The Kiddy Pool: What’s in a Name?

Every week in The Kiddy Pool, Erin Newcomb confronts one of many issues that parents must deal with related to popular culture.

Naming a child is perhaps one of the most personal and one of the most challenging decisions that parents face. There are a number of factors to consider—tradition and novelty, spelling and pronunciation, familial and ethnic heritage, relationship to surname and sibling names, and meanings. Then there is the reality that while name changes are possible, most of us keep our first names for our entire lives, making an offspring’s nomenclature an important legacy.

We see this kind of naming throughout the Bible, where angelic visitors dictate the names of important figures like John (“God is gracious”) the Baptist and Jesus (“Yahweh is salvation”) himself. Consider, for instance, the names of Hosea’s children, a son called Jezreel after a valley known for its bloodshed and a daughter Lo-ruhamah to mean “the Unloved.” While most parents I know don’t face the pressure of God dictating their children’s names to make theological points, it’s clear that the practice of naming carries tremendous responsibility.

For much of U.S. history, naming trends remained fairly mainstream, with a small pool of names serving the vast majority of families. Yet increasing diversity, greater desire for uniqueness, and more exposure (in the digital age) to naming fashions means an ever-expanding list of possibilities. It might seem like an anything-goes era, but governments throughout the world still regulate (to varying extents) the choices allotted to parents. Take, for instance, the New Jersey couple who lost custody of their son, named Adolf Hitler. Or note that in Massachusetts, names are limited to forty characters (much less generous than New Zealand’s one hundred), all of which must be letters in the English alphabet.

All of these regulations serve as reminders that children are not solely the property of their parents. They belong to their parents, the state, themselves, and God. Finding a name that pleases all of those parties can apparently be quite tricky, but the effects of a naming decisions—whether orthodox or eccentric—can last a lifetime.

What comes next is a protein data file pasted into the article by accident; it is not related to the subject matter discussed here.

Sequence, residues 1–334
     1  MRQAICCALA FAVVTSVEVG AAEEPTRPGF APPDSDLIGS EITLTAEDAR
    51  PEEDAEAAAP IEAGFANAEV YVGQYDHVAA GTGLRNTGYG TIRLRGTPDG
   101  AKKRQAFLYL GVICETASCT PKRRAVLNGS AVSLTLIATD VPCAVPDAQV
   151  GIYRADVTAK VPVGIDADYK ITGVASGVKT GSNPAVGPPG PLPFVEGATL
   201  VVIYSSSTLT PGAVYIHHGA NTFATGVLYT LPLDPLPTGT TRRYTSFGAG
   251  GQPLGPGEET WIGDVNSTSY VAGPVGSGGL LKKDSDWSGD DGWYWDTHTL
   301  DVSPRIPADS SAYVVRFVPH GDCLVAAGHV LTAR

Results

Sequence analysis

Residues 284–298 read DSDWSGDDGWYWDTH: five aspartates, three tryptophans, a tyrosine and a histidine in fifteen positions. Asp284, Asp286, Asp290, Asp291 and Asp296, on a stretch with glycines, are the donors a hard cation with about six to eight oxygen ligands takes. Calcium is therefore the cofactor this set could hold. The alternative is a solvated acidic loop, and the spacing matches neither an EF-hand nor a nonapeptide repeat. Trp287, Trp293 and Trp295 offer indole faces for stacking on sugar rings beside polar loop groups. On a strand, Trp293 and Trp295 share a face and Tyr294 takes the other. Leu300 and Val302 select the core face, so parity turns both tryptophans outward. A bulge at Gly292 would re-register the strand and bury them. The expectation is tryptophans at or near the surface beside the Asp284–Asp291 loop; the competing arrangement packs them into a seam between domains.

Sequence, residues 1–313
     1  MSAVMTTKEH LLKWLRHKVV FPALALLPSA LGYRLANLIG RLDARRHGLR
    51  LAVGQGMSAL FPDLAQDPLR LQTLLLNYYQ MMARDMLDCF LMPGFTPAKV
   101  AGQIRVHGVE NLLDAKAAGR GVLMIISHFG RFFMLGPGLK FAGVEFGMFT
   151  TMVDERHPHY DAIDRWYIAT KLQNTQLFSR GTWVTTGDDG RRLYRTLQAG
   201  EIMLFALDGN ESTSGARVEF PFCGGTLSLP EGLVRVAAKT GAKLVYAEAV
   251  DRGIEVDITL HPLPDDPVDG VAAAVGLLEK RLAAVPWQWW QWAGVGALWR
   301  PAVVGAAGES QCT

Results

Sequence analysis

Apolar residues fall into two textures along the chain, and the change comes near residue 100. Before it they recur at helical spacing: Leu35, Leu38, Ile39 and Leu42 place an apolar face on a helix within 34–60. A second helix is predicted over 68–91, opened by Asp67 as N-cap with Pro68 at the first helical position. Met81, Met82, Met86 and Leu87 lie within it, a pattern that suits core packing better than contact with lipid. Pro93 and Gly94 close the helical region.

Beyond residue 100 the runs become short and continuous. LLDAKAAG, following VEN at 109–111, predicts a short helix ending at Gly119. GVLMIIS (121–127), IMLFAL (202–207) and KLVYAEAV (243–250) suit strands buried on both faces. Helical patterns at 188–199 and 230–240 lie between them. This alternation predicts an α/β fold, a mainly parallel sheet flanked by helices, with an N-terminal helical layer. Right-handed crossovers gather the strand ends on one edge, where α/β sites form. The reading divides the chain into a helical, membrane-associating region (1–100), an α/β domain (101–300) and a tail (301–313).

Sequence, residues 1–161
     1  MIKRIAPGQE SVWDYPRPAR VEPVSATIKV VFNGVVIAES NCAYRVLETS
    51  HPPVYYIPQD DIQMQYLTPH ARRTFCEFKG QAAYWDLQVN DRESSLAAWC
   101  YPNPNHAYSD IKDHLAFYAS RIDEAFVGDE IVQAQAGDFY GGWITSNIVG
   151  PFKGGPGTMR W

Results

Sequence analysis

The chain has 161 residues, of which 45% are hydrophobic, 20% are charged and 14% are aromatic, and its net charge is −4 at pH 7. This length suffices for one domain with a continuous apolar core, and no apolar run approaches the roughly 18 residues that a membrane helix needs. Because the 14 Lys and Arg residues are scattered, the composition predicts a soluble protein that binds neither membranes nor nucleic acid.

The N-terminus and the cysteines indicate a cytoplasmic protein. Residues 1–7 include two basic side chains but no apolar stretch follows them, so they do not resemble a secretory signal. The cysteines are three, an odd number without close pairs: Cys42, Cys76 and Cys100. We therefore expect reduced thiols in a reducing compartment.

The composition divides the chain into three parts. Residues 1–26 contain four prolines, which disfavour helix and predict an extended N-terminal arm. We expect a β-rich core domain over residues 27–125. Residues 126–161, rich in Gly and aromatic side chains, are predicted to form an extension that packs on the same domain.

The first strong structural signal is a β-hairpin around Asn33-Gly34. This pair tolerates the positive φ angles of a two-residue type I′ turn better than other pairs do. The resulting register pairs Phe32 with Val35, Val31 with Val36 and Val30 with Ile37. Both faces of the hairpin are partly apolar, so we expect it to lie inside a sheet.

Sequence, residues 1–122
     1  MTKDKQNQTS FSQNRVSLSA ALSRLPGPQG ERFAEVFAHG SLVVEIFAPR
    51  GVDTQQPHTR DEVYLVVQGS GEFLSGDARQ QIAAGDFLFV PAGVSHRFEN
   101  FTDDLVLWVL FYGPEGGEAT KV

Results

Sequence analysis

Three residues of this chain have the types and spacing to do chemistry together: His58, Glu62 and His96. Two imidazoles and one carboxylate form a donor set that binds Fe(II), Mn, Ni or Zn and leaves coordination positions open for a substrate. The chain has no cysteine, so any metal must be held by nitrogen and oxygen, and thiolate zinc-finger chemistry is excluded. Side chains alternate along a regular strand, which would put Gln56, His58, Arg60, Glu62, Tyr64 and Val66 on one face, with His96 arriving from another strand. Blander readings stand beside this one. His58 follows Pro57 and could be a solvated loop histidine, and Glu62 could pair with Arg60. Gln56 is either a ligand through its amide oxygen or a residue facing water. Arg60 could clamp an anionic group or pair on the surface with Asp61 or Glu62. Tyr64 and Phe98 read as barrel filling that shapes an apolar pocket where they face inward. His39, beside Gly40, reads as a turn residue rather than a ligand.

About Erin Wyble Newcomb

Erin Wyble Newcomb earned her Ph.D. in Curriculum and Instruction and Women's Studies from Penn State University. In addition to parenting her daughters, running marathons, and making things with glitter, she teaches in the English Department at SUNY New Paltz. Follow Erin on Twitter @ErinWyble or at http://phdmama.com/.

  • Seth T. Hahne

    Naming is an awestriking responsibility. We sat there thinking, “Holy cats. A human being will be saddled with this identifier for perhaps the rest of her life.” Names affect the way people relate to you and how you relate to yourself. You’re not just giving a kid a thing to be called. You’re pushing that kid in a direction. They may overcome that initial velocity and go in an entirely different direction, but naming sets them on an initial path.

  • Geoffrey R.

    I agree with both of you. Erin, your column reminded me about the early days with each of my children, when I would often stop and realize, “That’s it. There’s no going back. We chose their names, and they’re stuck with them.” In the Bible, name was often associated with a character; and a radical change in character often occasioned a change in name. This pattern is just as evident in the Puritans forebears who helped found America (and in the Native Americans who lived here before). I wonder often Americans today (in and out of the church) choose names on the basis of potential character formation?


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